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Effect of long-term intensive vegetable and corn cultivation with inorganic fertilizer on soil properties in mountain agriculture region

Xu, D. B., Si, G. H., Peng, C. L., Xu, X. Y., Xiong, Y. S., Yuan, J. F., Chen, L. F., Zhao, S. J.
Acta horticulturae 2018 no.1192 pp. 21-36
Actinomyces, Zea mays, acidification, base saturation, boron, carbon, cation exchange capacity, chemical bases, corn, crop production, exchangeable calcium, exchangeable magnesium, mineral fertilizers, models, nitrogen, phosphorus, porosity, soil fungi, soil pH, soil physical properties, vegetable growing, vegetables, zinc, China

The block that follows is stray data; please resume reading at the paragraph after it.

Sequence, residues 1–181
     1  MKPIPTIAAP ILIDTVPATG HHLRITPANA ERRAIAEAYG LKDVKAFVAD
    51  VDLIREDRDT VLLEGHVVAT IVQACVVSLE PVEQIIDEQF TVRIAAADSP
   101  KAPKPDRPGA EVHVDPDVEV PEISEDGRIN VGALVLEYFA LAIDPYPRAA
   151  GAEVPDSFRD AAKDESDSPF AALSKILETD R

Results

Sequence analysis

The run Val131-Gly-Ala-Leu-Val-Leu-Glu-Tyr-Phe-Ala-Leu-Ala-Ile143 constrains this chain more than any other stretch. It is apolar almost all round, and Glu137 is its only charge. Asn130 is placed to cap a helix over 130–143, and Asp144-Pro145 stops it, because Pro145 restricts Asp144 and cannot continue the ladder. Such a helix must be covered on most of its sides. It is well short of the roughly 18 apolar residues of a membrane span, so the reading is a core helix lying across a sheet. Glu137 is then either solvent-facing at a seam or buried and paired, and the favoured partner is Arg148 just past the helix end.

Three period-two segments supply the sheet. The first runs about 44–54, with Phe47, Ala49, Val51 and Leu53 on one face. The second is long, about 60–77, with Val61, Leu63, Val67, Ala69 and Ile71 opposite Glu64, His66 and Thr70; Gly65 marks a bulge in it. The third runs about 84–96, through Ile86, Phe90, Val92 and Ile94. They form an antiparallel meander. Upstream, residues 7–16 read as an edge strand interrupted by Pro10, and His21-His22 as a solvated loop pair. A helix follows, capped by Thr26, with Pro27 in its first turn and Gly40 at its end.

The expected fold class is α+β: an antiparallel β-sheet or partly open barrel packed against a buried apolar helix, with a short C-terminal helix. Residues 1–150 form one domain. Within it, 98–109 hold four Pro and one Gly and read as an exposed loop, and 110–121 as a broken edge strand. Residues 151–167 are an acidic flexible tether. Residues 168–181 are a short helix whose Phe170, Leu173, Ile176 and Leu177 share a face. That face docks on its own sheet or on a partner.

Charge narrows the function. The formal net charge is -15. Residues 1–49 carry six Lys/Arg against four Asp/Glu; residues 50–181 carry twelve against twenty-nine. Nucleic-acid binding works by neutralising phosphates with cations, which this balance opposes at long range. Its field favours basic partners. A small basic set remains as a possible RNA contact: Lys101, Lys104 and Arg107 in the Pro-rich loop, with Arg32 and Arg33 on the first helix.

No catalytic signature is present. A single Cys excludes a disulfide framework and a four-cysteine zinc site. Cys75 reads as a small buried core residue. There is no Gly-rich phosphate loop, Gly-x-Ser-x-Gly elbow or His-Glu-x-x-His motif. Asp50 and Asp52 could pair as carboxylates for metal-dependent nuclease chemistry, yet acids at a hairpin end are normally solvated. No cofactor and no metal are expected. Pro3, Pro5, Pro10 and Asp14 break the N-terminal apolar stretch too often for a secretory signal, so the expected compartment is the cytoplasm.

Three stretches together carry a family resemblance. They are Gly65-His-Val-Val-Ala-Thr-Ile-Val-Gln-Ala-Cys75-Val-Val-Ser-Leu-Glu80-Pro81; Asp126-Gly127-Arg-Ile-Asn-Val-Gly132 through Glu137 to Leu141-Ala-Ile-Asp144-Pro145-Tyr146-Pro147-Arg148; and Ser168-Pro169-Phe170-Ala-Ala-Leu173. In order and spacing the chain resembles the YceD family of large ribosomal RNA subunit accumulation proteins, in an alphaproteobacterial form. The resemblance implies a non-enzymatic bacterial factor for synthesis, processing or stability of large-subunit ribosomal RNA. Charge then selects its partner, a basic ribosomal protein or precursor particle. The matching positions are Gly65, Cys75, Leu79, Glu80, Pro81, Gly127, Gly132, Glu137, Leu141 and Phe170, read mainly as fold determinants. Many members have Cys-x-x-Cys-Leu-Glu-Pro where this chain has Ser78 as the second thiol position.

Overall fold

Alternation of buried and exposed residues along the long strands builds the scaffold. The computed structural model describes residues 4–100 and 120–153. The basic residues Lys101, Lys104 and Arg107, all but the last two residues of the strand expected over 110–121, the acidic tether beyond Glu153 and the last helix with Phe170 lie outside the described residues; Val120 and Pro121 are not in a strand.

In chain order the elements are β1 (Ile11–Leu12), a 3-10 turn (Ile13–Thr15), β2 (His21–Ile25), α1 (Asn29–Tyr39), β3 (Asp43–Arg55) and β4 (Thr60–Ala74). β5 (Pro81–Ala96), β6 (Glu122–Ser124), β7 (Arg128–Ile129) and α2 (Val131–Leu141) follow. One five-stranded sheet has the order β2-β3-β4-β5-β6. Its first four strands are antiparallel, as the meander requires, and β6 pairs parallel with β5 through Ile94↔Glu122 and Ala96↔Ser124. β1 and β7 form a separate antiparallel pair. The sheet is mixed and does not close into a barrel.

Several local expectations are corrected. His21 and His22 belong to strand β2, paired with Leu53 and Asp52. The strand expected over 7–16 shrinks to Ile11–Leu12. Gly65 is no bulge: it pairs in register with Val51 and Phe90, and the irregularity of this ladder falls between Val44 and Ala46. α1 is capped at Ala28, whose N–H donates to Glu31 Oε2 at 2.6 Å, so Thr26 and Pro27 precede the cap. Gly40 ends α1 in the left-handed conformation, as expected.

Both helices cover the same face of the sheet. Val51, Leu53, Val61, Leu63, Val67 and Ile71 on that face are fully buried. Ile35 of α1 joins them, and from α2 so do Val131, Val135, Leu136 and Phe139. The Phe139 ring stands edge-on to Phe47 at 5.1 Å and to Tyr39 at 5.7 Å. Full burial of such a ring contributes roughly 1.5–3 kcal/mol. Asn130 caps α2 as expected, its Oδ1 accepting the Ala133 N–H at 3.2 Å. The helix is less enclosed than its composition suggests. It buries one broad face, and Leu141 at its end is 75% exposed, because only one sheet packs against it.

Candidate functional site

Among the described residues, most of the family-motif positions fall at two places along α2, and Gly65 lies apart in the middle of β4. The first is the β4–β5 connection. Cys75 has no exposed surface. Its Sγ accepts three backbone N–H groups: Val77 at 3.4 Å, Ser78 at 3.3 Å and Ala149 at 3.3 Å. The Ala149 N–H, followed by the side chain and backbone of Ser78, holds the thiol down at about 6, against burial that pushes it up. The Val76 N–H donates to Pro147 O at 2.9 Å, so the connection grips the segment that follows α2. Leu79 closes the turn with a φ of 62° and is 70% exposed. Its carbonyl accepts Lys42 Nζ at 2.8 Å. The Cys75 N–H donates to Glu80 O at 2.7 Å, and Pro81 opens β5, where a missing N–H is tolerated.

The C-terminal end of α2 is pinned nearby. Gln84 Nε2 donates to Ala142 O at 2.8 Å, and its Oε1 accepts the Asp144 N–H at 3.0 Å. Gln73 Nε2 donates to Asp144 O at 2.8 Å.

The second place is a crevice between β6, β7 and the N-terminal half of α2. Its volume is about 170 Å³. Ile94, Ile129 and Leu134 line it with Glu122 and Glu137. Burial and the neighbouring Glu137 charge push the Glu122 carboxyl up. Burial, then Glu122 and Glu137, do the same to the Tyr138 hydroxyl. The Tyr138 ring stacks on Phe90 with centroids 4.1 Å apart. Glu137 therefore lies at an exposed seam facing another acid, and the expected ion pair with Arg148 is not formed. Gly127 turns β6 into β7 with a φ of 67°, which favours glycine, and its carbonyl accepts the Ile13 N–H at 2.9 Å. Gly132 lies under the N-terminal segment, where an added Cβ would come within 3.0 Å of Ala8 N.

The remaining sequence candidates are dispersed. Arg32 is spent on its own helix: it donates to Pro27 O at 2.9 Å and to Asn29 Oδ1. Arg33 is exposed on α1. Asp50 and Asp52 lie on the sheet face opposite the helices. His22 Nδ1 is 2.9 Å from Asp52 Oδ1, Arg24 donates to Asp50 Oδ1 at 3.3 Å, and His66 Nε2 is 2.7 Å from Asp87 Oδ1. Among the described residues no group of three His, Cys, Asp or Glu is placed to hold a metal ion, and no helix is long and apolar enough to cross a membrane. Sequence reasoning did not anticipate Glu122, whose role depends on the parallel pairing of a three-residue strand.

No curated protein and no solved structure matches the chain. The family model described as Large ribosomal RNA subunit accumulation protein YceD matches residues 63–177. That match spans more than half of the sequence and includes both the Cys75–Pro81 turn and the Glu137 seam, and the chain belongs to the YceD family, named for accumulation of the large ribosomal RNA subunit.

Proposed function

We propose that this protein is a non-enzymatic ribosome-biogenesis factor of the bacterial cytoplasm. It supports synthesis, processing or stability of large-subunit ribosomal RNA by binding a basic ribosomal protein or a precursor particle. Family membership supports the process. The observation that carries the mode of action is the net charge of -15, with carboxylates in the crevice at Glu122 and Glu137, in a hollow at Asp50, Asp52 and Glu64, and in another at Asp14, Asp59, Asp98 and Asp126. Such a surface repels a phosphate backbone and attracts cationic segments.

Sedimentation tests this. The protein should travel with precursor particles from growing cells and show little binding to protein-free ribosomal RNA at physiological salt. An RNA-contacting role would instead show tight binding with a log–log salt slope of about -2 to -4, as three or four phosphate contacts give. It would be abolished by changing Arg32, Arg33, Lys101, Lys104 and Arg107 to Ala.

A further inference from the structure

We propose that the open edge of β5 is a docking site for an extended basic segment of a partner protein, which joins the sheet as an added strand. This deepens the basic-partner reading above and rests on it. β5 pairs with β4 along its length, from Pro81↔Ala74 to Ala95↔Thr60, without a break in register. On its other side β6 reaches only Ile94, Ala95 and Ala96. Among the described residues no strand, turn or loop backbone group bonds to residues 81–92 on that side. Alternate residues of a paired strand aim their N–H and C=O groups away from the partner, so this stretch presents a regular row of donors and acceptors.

The investigation research was carried to study the variation of long-term intensive corn (Corn-ChangYang and Corn-EnShi, abbreviated as C-CY and C-ES) and vegetable (Vegetable-ChangYang and Vegetable-EnShi, abbreviated as V-CY and V-ES) cultivation on soil physical-chemical and biological properties in ChangYang and EnShi mountain agriculture region in Hubei province. The results list as follows: Vegetable cultivation applied with long-term inorganic fertilizer present the potential acidification trend. When compared with abandoned, corn and vegetable cultivation applied with inorganic fertilizer all can increased available phosphorus (AP) (40.59-165.50%), available zinc (AZn) (43.64-261.54%) and available boron (AB) (15.00-121.05%) content. The alkali-hydrolyzable nitrogen (AN) and available kalium (AK) content of corn cultivation decreased by 6.55-13.29% and 21.08-79.32%, and increased by 35.34-51.73% and 42.83-44.80% for vegetable cultivation comparing to abandoned, respectively. The reduction of cation exchange capacity (CEC) and base saturation (BS) content of vegetable cultivation was much more than that of corn cultivation, and especially for the exchangeable calcium (E-Ca2+) content. The effect of different regions on soil physical properties and microbial carbon using capacity was much more than cultivation model. Long-term applied with inorganic fertilizer of corn and vegetable cultivation increased soil fungi and Actinomyces number. The highest microbial carbon using capacity was obtained by corn cultivation. No matter microbial number or carbon using capacity, the pH, AN, AK, E-Ca2+, exchangeable magnesium (E-Mg2+) and total porosity were the dominant influencing factors. For microbial number and carbon using capacity, the effect of exchangeable base cations content was much more in vegetable cultivation, however, soil pH value and physical properties was much more in corn cultivation.